By Matty Hume, June 28 2018 —
The Alberta government has released a final management plan for Castle Provincial Park and Castle Wildlands Provincial Park. The parks span approximately 80,000 hectares in Southern Alberta along the British Columbia border. According to senior parks planner Brad Tucker, the management plan outlines both the use and protection of the area.
“They’re slightly different designations, the two parks, but they both will protect the watershed, wildlife habitats and wildlife corridors,” Tucker said. “It’s basically a set of objectives and strategies that the land managers who work for Alberta Parks can look at and say, ‘Okay, have we been doing this? Have we worked towards having this as a recreational activity or as a type of habitat that gets extra protection?’ ”
What makes the Castle Parks management plan unique is the level of consultation with Albertans and local stakeholders by Alberta Parks.
“The process was the largest public consultation that Alberta Parks has ever done,” Tucker said. “There was so much interest — there were so many existing users that were hoping to protect their recreational activities. There were so many people that were interested in seeing that increased protection, so it was one of the hotter issues in Southern Alberta.”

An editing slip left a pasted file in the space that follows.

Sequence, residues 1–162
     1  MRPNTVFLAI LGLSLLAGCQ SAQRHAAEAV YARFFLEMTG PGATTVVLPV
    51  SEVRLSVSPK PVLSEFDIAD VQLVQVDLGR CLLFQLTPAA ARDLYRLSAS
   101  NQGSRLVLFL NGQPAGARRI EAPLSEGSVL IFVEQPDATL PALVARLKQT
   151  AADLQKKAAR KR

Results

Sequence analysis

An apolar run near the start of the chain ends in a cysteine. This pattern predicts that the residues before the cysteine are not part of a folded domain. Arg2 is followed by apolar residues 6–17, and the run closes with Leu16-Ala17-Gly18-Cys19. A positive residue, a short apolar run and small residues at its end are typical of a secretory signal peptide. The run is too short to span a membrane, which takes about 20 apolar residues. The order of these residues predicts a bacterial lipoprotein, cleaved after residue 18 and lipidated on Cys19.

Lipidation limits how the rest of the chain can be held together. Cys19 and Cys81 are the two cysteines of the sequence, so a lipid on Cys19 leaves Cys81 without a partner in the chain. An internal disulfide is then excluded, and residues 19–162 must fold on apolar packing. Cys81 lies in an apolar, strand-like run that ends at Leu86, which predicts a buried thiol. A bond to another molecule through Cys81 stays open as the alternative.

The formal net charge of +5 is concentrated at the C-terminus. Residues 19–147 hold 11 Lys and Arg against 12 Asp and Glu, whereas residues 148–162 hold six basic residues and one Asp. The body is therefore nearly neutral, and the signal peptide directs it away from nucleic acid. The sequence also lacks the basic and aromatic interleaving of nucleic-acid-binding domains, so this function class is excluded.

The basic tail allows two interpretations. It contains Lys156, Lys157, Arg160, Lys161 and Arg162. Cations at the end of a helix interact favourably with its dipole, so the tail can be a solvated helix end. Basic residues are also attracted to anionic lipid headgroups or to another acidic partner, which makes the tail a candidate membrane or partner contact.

Tucker said that Alberta Parks received at least 15,000 pieces of correspondence from at least 10,000 different Albertans.
In addition to being the largest public consultation for Alberta Parks to date, The Castle Parks management plan also includes a co-management advisory board with the Piikáni Blackfoot Nation.
“We consulted with all 13 First Nations that are found within the South Saskatchewan regional area,” Tucker said. “It includes Stoney and Tsuu T’ina near Calgary as well as the Cree nations over in Maskwacîs Cree and then the Blackfoot. So we consulted with all of them and got their input, but the co-management piece is specifically with the Piikáni.”
At press time, the Piikáni Blackfoot Nation could not be reached for additional comment.
Tucker also highlighted the many recreational activities outlined in the management plan, including ice climbing, cross-country skiing, fat-biking, hiking and camping.
“There’s no admission fee to enter any of our parks,” Tucker said. “That is different from a national park and that there are provincial parks within 100 kilometres of every major centre in Alberta. They’re there and you can access them with very minimal money required.”
For more information on the Castle Provincial Park and Castle Wildlands Provincial Park, visit the Alberta government’s website here.